It is an exciting time for researchers involved in developing new therapies for bladder cancer. More agents are in clinical development, drugs with novel mechanisms and novel trial designs are being implemented, and functional collaboration is occurring in the field, according to Noah Hahn, MD, Assistant Professor at Indiana University Simon Cancer Center, Indianapolis. Dr. Hahn spoke about new therapies in bladder cancer at the Chemotherapy Foundation Symposium.
VEGF and mTOR Inhibition
One area of research is the role of vascular endothelial growth factor (VEGF) inhibitor therapy in bladder cancer. Promising improved overall survival results have been observed in metastatic bladder cancer patients with the use of the VEGF inhibitor bevacizumab (Avastin) in combination with platinum-based chemotherapy. One clinical concern is a high rate of deep-vein thrombosis seen in the phase II experience with this combination, Dr. Hahn said.
The ongoing Cancer and Leukemia Group B (CALGB) 90601 phase III trial is comparing cisplatin/gemcitabine plus bevacizumab vs cisplatin/gemcitabine in patients with metastatic urothelial cancer. The key inclusion criteria for the trial are no prior chemotherapy in the metastatic setting, good performance status, and adequate kidney function (defined as a creatinine clearance above 50 mL/min).
Mammlian target of rapamycin (mTOR) inhibition is another interesting strategy being pursued; mTOR inhibitors have demonstrated single-agent activity in preliminary studies in metastatic bladder cancer. Ongoing trials in patients in the second-line metastatic, front-line metastatic, and BCG-refractory carcinoma in situ settings should give some idea of the potential role of this approach within the next year, Dr. Hahn said.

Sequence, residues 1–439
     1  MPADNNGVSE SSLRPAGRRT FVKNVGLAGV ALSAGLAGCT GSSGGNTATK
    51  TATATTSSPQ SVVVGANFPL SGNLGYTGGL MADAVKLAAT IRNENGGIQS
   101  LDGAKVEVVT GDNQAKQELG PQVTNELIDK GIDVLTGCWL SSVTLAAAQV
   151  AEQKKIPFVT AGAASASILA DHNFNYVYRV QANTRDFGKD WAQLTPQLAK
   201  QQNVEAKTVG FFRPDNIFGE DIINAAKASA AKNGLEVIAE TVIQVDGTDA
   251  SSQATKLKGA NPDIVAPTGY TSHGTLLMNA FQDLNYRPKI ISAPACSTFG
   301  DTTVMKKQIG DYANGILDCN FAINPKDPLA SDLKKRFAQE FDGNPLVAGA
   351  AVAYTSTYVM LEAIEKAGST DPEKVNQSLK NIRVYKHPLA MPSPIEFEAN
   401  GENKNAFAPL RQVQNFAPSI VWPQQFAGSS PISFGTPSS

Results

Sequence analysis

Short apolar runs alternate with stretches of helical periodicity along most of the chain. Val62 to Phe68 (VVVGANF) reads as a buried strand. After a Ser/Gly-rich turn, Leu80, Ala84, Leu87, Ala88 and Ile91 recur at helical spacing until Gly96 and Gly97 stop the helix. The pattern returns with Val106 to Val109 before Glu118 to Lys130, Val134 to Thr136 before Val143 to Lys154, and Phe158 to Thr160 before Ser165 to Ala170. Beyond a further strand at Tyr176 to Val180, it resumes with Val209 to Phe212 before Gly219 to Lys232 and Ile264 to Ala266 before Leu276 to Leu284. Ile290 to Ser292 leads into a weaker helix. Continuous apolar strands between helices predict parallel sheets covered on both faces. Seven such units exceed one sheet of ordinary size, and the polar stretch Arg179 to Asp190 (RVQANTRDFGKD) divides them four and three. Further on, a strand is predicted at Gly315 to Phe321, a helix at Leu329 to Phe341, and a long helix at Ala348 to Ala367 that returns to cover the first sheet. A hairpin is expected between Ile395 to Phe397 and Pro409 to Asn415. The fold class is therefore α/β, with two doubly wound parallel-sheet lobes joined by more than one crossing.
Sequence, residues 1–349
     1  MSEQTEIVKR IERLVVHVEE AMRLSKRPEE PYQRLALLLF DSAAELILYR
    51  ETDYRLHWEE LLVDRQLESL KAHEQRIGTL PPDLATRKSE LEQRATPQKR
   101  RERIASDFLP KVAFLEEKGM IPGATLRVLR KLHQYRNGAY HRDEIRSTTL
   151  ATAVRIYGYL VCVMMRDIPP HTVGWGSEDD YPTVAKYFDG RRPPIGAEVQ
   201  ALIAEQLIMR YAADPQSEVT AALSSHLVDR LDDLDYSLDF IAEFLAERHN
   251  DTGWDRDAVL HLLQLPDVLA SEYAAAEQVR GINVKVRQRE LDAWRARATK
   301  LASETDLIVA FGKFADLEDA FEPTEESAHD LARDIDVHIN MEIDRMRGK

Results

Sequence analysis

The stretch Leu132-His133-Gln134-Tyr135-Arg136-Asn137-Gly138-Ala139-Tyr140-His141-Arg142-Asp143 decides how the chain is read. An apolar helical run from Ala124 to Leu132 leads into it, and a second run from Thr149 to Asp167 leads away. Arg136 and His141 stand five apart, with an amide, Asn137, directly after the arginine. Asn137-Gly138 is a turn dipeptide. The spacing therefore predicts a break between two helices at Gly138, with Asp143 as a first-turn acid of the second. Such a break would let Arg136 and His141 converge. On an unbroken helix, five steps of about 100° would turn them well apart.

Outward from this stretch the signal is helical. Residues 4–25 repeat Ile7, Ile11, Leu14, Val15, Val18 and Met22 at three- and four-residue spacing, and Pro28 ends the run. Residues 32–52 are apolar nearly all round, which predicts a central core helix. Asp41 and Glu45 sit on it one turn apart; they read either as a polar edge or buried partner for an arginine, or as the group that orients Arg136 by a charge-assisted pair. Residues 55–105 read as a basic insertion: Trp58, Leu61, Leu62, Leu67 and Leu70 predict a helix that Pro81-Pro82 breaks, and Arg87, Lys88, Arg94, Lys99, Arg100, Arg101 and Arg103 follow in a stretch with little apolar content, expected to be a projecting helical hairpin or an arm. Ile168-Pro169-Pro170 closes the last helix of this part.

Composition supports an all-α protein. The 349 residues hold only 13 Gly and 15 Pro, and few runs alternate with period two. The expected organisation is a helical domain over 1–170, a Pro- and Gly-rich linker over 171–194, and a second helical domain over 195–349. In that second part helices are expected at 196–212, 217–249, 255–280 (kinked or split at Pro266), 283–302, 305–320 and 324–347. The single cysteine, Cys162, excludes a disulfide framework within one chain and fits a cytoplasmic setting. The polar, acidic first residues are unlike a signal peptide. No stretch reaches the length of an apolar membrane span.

FGFR Inhibitors and Immunologic Approaches
Fibroblast growth factor receptor 3 (FGFR3) is a potential target in bladder cancer, Dr. Hahn continued. Mutation in this gene is present in about two-thirds of low-grade bladder cancer, but its biologic significance and exact role in the pathogenesis of muscle-invasive and metastatic bladder cancer are not clear. “We need to identify the correct subsets of patients with bladder cancer who can benefit from FGFR3-targeted approaches,” he said.
Several FGFR inhibitors are in clinical development in the United States, but none have been approved by FDA yet, and none are targeting bladder cancer as their lead indication. In addition to inhibiting FGFR-mediated signaling, many of them are multitargeted tyrosine kinase inhibitors, Dr. Hahn explained. Thus far, dovitinib is the only drug with this property being studied in bladder cancer.
Immunologic approaches similar to sipuleucel-T (Provenge) vaccine in prostate cancer include DN24-02, a vaccine being developed for bladder cancer that is directed to HER2, which is overexpressed in 25% to 58% of bladder cancers.
A randomized phase II trial has been undertaken to compare DN24-02 vs standard of care following cystectomy in patients with HER2-positive high-risk urothelial carcinoma. The trial will evaluate overall survival, safety, and magnitude of the immune response induced following administration of DN24-02.
“This is one of the first randomized adjuvant therapy trials in bladder cancer to open in the past 10 years and is therefore an important trial to complete successfully,” Dr. Hahn said.
Investigators in the field of bladder cancer are also exploring novel trial designs to determine which biomarkers may be useful in selecting therapy. A standard approach used in many studies is to embed biomarkers in clinical trials and then study them retrospectively to see which ones have potential for clinical use.
A new model for identifying biomarkers, called the coexpression extrapolation algorithm (ie, COXEN model), is currently under study. This model uses expression microarray data to identify drug sensitivity in cancer cell lines. Gene-expression signatures from the cell lines are compared to an individual patient’s tumor gene expression to determine optimal therapy for the individual patient.
“This is a radically different way to identify biomarkers. The SWOG [Southwest Oncology Group] has initiated the design of a COXEN-directed neoadjuvant chemotherapy trial,” Dr. Hahn said.■
Disclosure: Dr. Hahn reported that his institution receives research support from Novartis.
1. Hahn N: New therapies in bladder cancer. Chemotherapy Foundation Symposium XXIX. Presented November 11, 2011.